- George Colman the elder (1732 - 94) and his son GeorgeColman the younger (1762 - 1836), both of whom were playwrightsand theater managers.
The elder Colman was a friend of David Garrick, whosename appeared on the title page of Colman's first play, the farcePolly Honeycombe. It was first performed in 1760 at Garrick'sDrury Lane, and Colman admitted writing it the following year, afterthe success of his play The Jealous Wife. His most acclaimedwork was the comedy The Clandestine Marriage (1766), cowrittenwith Garrick, who caused a rift with Colman when he refused to actin it.
Colman and three partners bought the patent to Covent Gardenin 1767. During his management Oliver Goldsmith's only two plays werepremiered: The Good-Natured Man was coolly received in 1768,but She Stoops to Conquer was a great success in 1773. Threeyears later Colman took over the Haymarket and ran it forsome 12 years until his final descent into mental illness. During that timehe produced several plays by his son, including the successful comic operaInkle and Yarico (1787).
The younger Colman became effective manager of the Haymarket duringhis father's illness and took it over on his death. His own plays includedThe Iron Chest (1796), based on Godwin's gothic novel Caleb Williams;Edmund Kean revived it in 1816, finding a great tragic part in thecharacter of Sir Edward Mortimer.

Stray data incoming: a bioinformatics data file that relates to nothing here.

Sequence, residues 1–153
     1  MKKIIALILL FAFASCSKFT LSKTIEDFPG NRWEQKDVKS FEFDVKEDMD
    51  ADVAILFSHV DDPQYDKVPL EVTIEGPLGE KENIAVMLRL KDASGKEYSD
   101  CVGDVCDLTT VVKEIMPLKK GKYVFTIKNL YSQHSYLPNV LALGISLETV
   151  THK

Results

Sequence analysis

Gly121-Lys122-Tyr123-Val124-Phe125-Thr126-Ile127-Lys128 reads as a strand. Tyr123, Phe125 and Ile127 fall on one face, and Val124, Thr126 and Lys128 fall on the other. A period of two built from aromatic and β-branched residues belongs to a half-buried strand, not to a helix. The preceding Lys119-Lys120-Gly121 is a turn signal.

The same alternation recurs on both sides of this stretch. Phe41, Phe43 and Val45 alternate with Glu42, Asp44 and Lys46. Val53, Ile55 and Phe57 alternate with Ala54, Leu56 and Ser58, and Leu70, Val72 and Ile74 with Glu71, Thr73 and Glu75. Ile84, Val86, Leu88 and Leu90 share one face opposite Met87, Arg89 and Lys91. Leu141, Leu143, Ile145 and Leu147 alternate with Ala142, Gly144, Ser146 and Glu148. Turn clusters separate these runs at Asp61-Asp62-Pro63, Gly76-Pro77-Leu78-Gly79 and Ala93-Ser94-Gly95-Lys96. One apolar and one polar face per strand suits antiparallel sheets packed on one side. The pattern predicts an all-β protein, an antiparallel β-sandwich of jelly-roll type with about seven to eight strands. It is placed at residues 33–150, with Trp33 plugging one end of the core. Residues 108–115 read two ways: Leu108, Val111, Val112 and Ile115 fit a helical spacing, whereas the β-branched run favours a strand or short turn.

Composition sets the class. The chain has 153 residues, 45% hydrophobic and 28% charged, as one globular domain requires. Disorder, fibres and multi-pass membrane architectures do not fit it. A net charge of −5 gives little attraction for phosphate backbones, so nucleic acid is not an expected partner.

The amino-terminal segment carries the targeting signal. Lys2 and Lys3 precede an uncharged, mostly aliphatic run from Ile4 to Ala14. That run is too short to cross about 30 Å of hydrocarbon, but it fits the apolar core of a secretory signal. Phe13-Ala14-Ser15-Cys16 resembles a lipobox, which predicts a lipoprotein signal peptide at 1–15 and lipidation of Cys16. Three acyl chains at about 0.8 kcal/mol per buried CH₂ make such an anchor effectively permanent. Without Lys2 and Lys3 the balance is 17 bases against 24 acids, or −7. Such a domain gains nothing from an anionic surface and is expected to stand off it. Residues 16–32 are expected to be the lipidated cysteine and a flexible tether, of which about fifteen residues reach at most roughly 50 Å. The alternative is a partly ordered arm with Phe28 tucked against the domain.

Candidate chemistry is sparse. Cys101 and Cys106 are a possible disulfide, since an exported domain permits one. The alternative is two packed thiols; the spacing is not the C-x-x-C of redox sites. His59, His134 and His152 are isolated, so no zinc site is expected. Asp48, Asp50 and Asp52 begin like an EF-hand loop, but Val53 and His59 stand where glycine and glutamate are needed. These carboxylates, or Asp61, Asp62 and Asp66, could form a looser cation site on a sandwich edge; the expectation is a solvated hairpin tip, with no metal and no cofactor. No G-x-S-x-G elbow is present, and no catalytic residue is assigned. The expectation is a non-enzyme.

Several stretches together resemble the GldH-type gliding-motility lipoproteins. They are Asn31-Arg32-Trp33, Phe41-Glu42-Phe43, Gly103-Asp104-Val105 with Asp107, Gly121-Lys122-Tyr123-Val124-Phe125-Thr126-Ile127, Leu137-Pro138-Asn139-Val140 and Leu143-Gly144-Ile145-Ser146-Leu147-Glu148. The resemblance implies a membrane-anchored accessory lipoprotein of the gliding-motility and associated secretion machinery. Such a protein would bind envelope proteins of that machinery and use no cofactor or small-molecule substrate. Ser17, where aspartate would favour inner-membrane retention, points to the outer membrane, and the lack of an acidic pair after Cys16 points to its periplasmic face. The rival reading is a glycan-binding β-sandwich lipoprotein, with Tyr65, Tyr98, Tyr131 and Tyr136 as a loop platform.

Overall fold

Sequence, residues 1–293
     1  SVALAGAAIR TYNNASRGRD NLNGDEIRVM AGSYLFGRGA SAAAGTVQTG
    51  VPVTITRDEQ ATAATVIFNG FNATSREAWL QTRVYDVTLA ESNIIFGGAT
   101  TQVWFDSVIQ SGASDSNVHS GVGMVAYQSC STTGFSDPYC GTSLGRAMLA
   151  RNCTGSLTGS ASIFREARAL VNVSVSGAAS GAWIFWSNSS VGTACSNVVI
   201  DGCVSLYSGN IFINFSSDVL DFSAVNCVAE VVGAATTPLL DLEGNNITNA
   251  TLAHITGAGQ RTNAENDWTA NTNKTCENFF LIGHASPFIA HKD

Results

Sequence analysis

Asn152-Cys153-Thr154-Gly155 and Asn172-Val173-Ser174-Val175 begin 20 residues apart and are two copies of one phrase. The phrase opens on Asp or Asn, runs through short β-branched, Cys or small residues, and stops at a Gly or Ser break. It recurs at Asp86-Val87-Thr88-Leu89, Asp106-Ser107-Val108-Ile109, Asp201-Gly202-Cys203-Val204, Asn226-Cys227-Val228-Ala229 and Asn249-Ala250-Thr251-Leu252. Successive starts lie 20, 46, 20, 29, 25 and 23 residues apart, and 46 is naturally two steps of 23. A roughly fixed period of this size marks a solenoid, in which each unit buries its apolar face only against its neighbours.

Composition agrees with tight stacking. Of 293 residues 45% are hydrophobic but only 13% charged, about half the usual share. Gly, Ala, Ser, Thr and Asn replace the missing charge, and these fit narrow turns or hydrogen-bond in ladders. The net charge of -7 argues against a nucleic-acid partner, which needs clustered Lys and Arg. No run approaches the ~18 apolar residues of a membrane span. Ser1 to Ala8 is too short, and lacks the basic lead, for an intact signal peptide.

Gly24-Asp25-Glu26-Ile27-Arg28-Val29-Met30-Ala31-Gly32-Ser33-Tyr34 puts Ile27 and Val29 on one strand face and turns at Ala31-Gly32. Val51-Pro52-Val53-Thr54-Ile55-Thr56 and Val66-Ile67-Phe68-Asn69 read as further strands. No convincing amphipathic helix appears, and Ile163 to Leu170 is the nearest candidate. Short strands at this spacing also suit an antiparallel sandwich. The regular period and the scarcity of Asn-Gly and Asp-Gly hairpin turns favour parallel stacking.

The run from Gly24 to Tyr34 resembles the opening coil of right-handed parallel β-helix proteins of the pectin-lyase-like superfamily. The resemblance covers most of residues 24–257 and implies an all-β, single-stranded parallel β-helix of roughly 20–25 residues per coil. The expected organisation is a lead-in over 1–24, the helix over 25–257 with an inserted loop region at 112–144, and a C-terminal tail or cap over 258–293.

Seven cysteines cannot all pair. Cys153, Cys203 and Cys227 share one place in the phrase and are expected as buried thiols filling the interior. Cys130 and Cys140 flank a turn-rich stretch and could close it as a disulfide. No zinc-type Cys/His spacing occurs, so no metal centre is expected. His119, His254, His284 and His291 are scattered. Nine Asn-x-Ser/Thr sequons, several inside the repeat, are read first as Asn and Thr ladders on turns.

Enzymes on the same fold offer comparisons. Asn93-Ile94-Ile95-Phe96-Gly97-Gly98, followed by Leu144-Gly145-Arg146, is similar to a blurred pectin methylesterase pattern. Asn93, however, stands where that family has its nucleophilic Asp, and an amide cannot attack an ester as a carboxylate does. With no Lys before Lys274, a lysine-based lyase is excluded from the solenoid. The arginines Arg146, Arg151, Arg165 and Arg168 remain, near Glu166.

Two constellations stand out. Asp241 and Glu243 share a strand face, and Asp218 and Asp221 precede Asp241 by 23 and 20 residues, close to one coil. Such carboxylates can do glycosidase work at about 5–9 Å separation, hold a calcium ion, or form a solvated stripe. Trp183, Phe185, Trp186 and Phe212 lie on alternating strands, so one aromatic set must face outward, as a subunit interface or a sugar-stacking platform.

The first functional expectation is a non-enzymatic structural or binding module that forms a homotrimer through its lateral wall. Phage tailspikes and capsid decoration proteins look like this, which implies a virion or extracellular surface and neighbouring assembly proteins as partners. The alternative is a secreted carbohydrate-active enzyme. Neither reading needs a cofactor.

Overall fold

Colman was also a successful writer of comedy, creating suchmemorable characters as Dr Pangloss in The Heir-at-Law (1797)and Dennis Brulgruddery in John Bull; or, The Englishman's Fireside(1803). In 1817 he wrote The actor of all Work; or, First and SecondFloor, a drama with an innovative set that showed two rooms simultaneously.
Colman was known to be extravagant and unstable both financiallyand in his personal life, having secretly married Clara Morris, ayoung actress, in 1784. He was nevertheless appointed Examiner ofPlays in 1824 and remained in the post until his death, demonstratinga surprisingly strict sense of propriety in judging new works forthe stage.